I got some great local figs a few weeks ago and figured it's time for a Fig n' Fennel redux.  Last time it was delish but needed an increase in Figs and why not get the whole grain count up.  I am waiting on the arrival of my NutriMill so I can start fresh milling at home but was a offered a demo from a local lady who has one and we ground some local Hard Red Spring Wheat (Kalse variety) and some Hard White Wheat from a farm in Oregon that she uses.  She had me take what we ground and I figured the Hard White Wheat would be a perfect fit for the Fig n Fennel.  I couldn't resist but make a bread with fresh milled flour and did a batch of Chico Nut Bread with the Spring Wheat.  I could have held back a few % on hydration (109%) but got a lovely loaf none the less.  

As I already mentioned this loaf would have come a little cleaner and taller had I cut back a touch on hydration.  Maybe down to 105% and it would have been just right.  This is hands down the best Whole Wheat Walnut bread.  Thanks Dave Miller.  


Fig n Fennel (50% Whole Grain)


Levain: (77% Hyd) 4 Hours @ 78 F
20 Seed (66% Hyd) (60/40)
20 Hard White Wheat
20 Artisan
32 H20
Rye Sour: (100% Hyd) 12 hours @ 72F
1      Seed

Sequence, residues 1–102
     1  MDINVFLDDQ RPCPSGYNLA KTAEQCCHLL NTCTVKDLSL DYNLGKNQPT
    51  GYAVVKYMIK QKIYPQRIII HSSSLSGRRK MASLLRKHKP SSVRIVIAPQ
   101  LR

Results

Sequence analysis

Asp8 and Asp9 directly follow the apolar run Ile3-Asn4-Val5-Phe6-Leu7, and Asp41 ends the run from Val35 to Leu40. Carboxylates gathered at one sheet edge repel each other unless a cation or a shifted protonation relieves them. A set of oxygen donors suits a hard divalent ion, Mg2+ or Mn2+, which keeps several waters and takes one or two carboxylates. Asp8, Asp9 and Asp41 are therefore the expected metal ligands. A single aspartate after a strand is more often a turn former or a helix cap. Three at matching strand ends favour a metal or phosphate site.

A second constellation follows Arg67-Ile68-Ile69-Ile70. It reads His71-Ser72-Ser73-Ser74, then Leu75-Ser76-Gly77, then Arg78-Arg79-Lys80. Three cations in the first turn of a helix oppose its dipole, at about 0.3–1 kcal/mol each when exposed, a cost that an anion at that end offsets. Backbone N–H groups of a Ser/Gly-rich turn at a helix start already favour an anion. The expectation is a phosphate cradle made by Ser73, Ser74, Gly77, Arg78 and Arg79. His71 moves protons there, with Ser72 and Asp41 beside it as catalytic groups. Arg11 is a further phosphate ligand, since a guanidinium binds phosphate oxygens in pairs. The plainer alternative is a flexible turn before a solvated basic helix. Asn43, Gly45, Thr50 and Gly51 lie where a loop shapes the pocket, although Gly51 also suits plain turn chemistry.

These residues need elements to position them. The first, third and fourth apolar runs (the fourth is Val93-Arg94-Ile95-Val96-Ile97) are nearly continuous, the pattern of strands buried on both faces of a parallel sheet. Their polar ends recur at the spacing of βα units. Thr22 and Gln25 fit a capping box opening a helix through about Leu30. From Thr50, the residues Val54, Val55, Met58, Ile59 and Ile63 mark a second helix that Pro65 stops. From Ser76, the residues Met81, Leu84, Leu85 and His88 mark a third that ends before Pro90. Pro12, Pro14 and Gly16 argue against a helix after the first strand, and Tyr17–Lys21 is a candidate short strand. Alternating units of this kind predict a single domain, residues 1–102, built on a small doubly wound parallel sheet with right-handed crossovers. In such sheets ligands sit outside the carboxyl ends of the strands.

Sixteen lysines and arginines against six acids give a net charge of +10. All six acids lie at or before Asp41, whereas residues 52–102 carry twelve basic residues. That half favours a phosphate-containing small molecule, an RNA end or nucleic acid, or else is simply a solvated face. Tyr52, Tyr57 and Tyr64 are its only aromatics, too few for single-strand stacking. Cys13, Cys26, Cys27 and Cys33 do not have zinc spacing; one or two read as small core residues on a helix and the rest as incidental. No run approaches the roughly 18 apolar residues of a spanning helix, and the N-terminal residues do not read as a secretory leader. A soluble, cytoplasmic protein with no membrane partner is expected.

7.5   Rye Flour
7.5    H20

-13    Rye
-307  Hard White Wheat
-320  AP
547   H20
175   Dry Mission Figs, stemmed and halved
7       Fennel Seeds,  Toasted
14     Salt
Total Flour:    700    (8.5% PF)
Total H20:      595    (85% Hyd)
Total Dough:  1491  (2 @ 745g)  
1) Autolyse 1 hour with fennel hold back 5% h20
2) Add levain/rye sour with 1/2 of h20 and mix to combine well
3) Add salt with remaining water and adjust hydration further if necessary. Mix until moderate gluten development.
4) Bulk 4 hours with 4 folds @ 45 minutes.(Add figs slowly during the stretch and folds.  I got all incorporated by the third fold) and a bit of clumping too so I'll work on that.  
5) Divide, preshape, rest
6) shape and retard 8-12 hours   

Pull 30 minutes before baking to take some of the chill off the skin and bake at 500 with steam for 13 minutes then vented for 30-35 more.  A bold bake is best.  

*If not using fresh milled grain an increase in levain may be necessary to keep the times as written (fresh grain ferments quickly)  Half I baked straight from fridge the other half I pulled 30 minutes before loading.  The latter got better spring a bit more volume.  


As for the bounty.  Ooops forgot to get a photo.  That's cause there wasn't much to take a pic of I suppose.  Paid back some previous trades, got some local mushrooms, sage and marjoram starts, ground lamb, fresh eggs, and I'm owed a bottle of vino next week.  Also sold a couple loaves.  

Cheers All


golgi70's picture